Future Tense

The Most Important Thing to Know Before Using a COVID-19 Testing Drive-Through

A man sits in his car with his face angled up as a person in protective gear takes a swab of his nose.
A medical personnel member takes samples for a COVID-19 test in Somerville, Massachusetts on March 18. JOSEPH PREZIOSO/Getty Images

So you’ve got a dry cough, and breathing is just a little more difficult than usual. Is it coronavirus? You might be able to hop in your car and get a drive-through coronavirus test.

It’s safer—for you and for others—than heading to your local ER. “We’re planning for a potential uptick in the number of severely ill individuals with coronavirus, and we need to reserve those resources for those who need it most,” says Megan Mahoney, the chief of primary care at Stanford Medicine, who provides medical direction to Express Care’s drive-through clinic. Plus, there’s risk in putting the actually infected and the merely potentially infected in the same room, setting up a situation in which people who don’t have the virus could pick it up.

That’s why various institutions around the country have set up mobile testing sites where patients can be tested from the comfort of their own car. Since Seattle, the epicenter of the U.S. outbreak, opened the first drive-through coronavirus clinic last week, other sites have opened in Cape Cod, Palm Beach, Hartford, Rochester, Minnesota (home to the Mayo Clinic), New Rochelle, and Anchorage, with new ones announced every day.

The logistics vary from site to site. The most important thing is to find out what needs to happen before you drive up. Most testing sites require patients to have a pre-screening phone call or video chat with a doctor, who can then assign the patient an appointment time at the drive-through clinic. Other sites, like Denver, allow anyone with a doctor’s note to queue up for a test, and perform pre-screening on-site. (Denver’s system has been so overloaded that the site closed early on Saturday and remained closed on Monday and Tuesday.) Once patients are deemed eligible for testing, they typically show identification through a closed car window, then drive forward to the testing space where a medical professional suits up and swabs inside their nose. From there, samples are sent to local labs for testing, and the wait time for results is variable; Stanford aims to text patients their results within 24 hours, while UW Medicine patients can expect to receive results online in 2-3 days.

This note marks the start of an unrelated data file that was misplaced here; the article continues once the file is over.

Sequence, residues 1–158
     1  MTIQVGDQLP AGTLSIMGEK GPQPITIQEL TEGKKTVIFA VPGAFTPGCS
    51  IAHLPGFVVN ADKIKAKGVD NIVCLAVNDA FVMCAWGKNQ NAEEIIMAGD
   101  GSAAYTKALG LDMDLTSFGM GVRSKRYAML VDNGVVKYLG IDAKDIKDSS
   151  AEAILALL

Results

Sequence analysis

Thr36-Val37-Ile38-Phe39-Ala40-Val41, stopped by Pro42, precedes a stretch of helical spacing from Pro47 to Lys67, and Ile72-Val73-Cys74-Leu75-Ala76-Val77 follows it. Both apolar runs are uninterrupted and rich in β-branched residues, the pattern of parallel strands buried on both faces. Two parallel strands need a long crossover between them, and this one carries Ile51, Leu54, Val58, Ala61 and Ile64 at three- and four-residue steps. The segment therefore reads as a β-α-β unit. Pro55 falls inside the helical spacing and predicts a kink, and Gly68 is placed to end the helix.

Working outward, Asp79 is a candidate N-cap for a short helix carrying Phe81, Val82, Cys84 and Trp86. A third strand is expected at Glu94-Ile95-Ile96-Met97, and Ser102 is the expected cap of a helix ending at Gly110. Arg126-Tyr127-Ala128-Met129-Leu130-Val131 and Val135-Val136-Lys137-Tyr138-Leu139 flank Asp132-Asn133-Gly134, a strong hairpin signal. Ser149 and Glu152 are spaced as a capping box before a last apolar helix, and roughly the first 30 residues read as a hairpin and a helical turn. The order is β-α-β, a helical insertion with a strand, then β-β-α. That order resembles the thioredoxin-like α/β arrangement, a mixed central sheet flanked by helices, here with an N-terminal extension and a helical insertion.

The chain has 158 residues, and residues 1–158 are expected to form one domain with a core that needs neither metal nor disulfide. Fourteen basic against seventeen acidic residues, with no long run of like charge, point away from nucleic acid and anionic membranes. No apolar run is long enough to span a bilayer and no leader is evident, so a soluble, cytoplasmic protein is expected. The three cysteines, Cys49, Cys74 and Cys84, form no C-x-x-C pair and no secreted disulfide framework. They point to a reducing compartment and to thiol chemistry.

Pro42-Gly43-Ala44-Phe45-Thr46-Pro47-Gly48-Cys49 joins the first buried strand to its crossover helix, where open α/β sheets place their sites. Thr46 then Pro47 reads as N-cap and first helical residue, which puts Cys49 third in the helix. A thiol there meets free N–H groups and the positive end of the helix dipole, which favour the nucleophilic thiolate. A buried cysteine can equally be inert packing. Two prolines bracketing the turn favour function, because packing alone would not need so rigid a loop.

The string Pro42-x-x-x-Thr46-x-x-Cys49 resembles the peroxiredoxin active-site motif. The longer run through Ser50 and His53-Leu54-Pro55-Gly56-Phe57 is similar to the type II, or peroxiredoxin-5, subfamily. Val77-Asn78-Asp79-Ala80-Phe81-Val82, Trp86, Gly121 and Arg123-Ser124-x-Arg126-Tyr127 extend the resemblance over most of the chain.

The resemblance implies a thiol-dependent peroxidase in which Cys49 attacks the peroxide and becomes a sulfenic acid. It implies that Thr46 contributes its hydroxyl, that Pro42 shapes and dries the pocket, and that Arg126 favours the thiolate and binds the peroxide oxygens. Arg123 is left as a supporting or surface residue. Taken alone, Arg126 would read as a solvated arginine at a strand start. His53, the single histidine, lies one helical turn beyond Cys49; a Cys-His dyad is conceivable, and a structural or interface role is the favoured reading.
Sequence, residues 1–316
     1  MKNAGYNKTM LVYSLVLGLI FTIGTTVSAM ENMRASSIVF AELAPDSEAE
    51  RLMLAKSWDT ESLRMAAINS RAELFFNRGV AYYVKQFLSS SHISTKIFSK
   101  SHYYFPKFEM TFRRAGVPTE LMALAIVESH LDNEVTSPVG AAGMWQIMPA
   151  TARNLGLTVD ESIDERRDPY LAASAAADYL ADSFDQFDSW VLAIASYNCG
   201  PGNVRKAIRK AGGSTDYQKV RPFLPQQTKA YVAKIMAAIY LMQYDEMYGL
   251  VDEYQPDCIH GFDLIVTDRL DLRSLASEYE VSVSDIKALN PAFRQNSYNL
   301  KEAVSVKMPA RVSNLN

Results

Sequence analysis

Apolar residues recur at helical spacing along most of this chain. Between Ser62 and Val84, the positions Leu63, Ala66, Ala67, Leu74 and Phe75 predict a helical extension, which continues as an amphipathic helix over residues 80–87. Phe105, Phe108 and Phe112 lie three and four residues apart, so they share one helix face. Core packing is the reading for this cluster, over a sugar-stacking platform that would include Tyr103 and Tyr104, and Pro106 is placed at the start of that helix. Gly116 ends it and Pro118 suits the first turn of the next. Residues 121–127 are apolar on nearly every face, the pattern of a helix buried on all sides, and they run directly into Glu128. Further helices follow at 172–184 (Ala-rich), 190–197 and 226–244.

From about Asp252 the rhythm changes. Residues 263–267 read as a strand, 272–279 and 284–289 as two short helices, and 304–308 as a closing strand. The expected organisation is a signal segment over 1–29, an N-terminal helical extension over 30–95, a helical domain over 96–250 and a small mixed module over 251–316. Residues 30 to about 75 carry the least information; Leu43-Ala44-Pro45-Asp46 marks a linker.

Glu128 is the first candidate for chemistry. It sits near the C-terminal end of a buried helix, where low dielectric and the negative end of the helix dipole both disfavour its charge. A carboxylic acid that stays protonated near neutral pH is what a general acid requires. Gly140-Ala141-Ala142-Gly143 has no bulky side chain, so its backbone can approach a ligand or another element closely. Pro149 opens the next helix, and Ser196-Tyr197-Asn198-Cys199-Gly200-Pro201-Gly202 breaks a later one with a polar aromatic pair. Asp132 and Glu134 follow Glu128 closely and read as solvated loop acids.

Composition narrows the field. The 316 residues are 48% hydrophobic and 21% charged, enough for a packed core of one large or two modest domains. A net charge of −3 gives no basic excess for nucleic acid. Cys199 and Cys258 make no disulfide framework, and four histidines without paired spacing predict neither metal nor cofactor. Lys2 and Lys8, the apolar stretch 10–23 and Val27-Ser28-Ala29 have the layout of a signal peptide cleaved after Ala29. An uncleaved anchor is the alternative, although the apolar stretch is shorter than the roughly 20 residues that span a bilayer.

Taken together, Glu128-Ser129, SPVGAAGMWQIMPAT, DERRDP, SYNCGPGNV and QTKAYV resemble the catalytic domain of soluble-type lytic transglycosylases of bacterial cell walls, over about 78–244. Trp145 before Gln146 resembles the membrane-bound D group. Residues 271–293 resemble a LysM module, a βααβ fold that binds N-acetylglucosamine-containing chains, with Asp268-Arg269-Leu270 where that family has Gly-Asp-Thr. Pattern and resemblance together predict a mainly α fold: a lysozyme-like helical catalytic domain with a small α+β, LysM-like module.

The number of tests these clinics can handle varies, though in coming weeks, clinics hope to ramp up their capacity. Stanford opened its testing site a week ago and has been nose-swabbing 100-200 patients a day; it hopes to increase that number to thousands a day. UW Medicine’s clinic just opened Monday afternoon; it tested 15 people in half a day, and there were 30 people on the schedule for Tuesday. It’s equipped to test up to 60 people a day depending on staff availability, with new sites planned for the near future.